It is very important to update your recipient list each year. You’ll want to be sure to send holiday greeting cards to new clients and merchants and revise the contact information for clients that have changed location or came under new management. This reminds me of religious Christmas cards that are mailed to my house every year from a local Methodist Church. It is very nice that the ministry of this church keeps my family in its thoughts during the Christmas season, except my family is Jewish. The family who used to live in my house probably attended this church and either switched churches when they moved or never updated their mailing address. So be sure to update your recipient list each year so that your intended contacts are actually being mailed your holiday greeting cards.

For more success tips for small businesses during the Holiday season, check out Rhonda Abrams’ 2008 Holiday Survival Guide. Use this guide to plan ahead and don’t let the Holiday rush get the best of you.

Business Thanksgiving Cards…The “Write” Way to Say Thanks

Thanksgiving is the time of year that is traditionally known for giving thanks. Why not use this holiday as an opportunity to express your gratitude to your customers and clients by sending Corporate Thanksgiving Cards. Sending Thanksgiving cards to your business associates as a message of your goodwill and appreciation for their valued business is the perfect opportunity to convey the sentiment of the Thanksgiving season.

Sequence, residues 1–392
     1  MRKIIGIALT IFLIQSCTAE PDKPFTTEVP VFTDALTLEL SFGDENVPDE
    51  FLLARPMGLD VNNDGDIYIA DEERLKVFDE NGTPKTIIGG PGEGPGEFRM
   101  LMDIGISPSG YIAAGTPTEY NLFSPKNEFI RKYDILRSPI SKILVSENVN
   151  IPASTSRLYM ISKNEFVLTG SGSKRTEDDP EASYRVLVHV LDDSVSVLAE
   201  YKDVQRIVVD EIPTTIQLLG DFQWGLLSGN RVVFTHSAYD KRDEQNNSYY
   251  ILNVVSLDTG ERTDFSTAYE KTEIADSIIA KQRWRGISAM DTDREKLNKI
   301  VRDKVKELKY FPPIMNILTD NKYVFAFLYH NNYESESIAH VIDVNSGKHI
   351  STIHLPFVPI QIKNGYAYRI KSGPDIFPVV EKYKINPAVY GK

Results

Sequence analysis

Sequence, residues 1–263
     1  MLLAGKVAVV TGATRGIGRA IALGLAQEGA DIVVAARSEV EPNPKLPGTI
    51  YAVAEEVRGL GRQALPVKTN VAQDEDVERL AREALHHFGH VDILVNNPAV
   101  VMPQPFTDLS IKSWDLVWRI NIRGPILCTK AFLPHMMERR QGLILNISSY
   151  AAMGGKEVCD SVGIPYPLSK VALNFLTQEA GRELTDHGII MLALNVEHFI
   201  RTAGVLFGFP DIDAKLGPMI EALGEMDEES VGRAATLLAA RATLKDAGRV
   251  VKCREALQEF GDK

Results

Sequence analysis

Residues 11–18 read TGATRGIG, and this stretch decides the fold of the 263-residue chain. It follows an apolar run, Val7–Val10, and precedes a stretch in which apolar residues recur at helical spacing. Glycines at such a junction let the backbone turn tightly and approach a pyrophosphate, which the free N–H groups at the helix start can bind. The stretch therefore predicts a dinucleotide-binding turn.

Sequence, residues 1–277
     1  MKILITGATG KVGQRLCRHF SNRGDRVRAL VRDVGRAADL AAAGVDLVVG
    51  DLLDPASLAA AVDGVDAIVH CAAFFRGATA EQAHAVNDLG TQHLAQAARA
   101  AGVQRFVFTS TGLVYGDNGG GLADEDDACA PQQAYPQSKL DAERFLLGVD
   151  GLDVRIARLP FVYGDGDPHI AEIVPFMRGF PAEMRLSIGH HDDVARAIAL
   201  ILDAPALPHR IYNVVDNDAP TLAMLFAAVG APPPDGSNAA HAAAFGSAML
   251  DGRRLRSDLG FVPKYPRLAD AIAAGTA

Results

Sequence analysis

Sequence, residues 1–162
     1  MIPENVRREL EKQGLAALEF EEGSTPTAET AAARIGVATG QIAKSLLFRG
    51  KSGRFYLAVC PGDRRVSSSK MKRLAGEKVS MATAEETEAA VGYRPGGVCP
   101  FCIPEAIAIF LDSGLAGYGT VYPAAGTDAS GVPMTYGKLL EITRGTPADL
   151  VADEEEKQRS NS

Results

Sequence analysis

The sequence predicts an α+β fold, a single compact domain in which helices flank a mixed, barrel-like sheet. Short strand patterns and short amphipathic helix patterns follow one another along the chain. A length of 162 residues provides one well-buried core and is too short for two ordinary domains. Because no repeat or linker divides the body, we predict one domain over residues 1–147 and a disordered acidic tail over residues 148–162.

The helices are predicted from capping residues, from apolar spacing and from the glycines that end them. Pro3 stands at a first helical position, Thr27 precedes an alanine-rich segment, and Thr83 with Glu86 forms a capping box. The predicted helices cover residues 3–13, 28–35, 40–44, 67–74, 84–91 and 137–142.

Sending business Thanksgiving cards also helps to minimize some of the frantic “festivities” of the season. Thanksgiving usually represents the start of the holiday season. Black Friday, the day after the holiday, is the biggest shopping day of the year. For me, the day after Thanksgiving signifies the start of the “race”…decorations need to be hung, presents need to be wrapped, and personalized Christmas cards need to be sent. To help eliminate some of the mad holiday rush, I have adopted a tradition of sending Thanksgiving cards both to my personal acquaintances as well as to my business associates. This practice has helped to alleviate some of the season’s stress by completing this task well before the season starts.

Sending Business Thanksgiving Cards also gets your wishes of gratitude and goodwill out there before all the other holiday cards start to arrive. Thanksgiving cards, sent out before the crowd, will make a lasting impression in the minds of your business associates.